Deming ’20 Explores Narratology in Opera
Zachary Deming ’20 was the recipient of an Emerson Foundation research grant and spent this summer exploring narratology in opera with his adviser Peter Rabinowitz, the Carolyn C. and David M. Ellis, ’38, Distinguished Teaching Professor of Comparative Literature. Deming is one of 200 Hamilton students conducting research or completing an internship supported by the College.
What is your research project?
Mechanically, I’m looking at the narratives of operas that are adapted from canonical literary texts, because the actual content of an opera—people singing to each other back and forth, facing the audience to narrate their thoughts and feelings, etc.—is so obviously artificial. The realism of the original [narrative], wherever it exists, can't withstand the transition. So I’m trying to see why certain details find themselves eliminated or exaggerated in the adaptation, and how this "enhances" the clarity and deliciousness of these [opera] narratives' drama.
What do you hope to accomplish through this project?
I’m intrigued by the idea that by stylizing something we can make it “more truthful” than “the truth.” All use of language is sort of corruptive and destructive like this, since it reduces lived experience into verbal matter, which essentially murders and then supplants the real thing with concept. But that inherent deceptiveness can be used archly, to cleverly create something that (because of its falseness) presents a more coherent and intuitively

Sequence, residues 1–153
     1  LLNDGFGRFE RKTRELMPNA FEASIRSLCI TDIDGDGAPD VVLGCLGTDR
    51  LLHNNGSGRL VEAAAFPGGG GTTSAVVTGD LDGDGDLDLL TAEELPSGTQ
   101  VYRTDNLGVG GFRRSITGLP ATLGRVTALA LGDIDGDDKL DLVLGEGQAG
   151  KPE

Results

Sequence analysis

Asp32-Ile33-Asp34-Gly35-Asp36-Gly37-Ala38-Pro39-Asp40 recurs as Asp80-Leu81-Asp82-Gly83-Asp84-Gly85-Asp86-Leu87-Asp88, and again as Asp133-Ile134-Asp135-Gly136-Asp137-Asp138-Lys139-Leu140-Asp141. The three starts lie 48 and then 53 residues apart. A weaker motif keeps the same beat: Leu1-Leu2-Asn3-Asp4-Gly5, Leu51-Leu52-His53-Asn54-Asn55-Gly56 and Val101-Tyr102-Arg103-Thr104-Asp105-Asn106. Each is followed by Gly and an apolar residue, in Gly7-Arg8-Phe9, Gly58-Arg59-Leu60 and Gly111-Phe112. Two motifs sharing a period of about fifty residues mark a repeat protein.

Major: Literature and Russian Studies
Hometown: Litchfield, N.H.
High School: Bishop Guertin High School
understandable rhetoric for other people to grasp onto . . . So, to speak more broadly, that’s the real basis of the project and that about which by August I’d like to be literate enough to make some critical claims.
What do you like best about your project?
… This project allows me another method of elaborating on the extent to which people think, desire, and interpret the world around them by constructing internal narratives, and will thus hopefully help me understand more incisively how considerations of narrative form play into what we find satisfying — and, maybe more intriguingly, motivating — in our lives, and others’.
What's your prior interest in this field?
I’ve done two other Emerson grants on narrative theory type stuff, and certainly some classes have helped foster an interest, along with recreational reading of fiction and criticism. Writers like Pushkin, Chekhov, Proust, Dostoevsky, Duras, and Lermontov have also been an excellent inspiration. I also love to gossip, and I think that’s a fabulous example of the sort of casual, reflexive narrative self-definition in which we engage every day.
What are your plans for the future?
I’ll either get my doctorate in Slavistics or join the Jesuits. Either way, though, I’m certain that narrative and narratology will continue to be an interest, if only because it permeates absolutely everything we experience, do, and think about.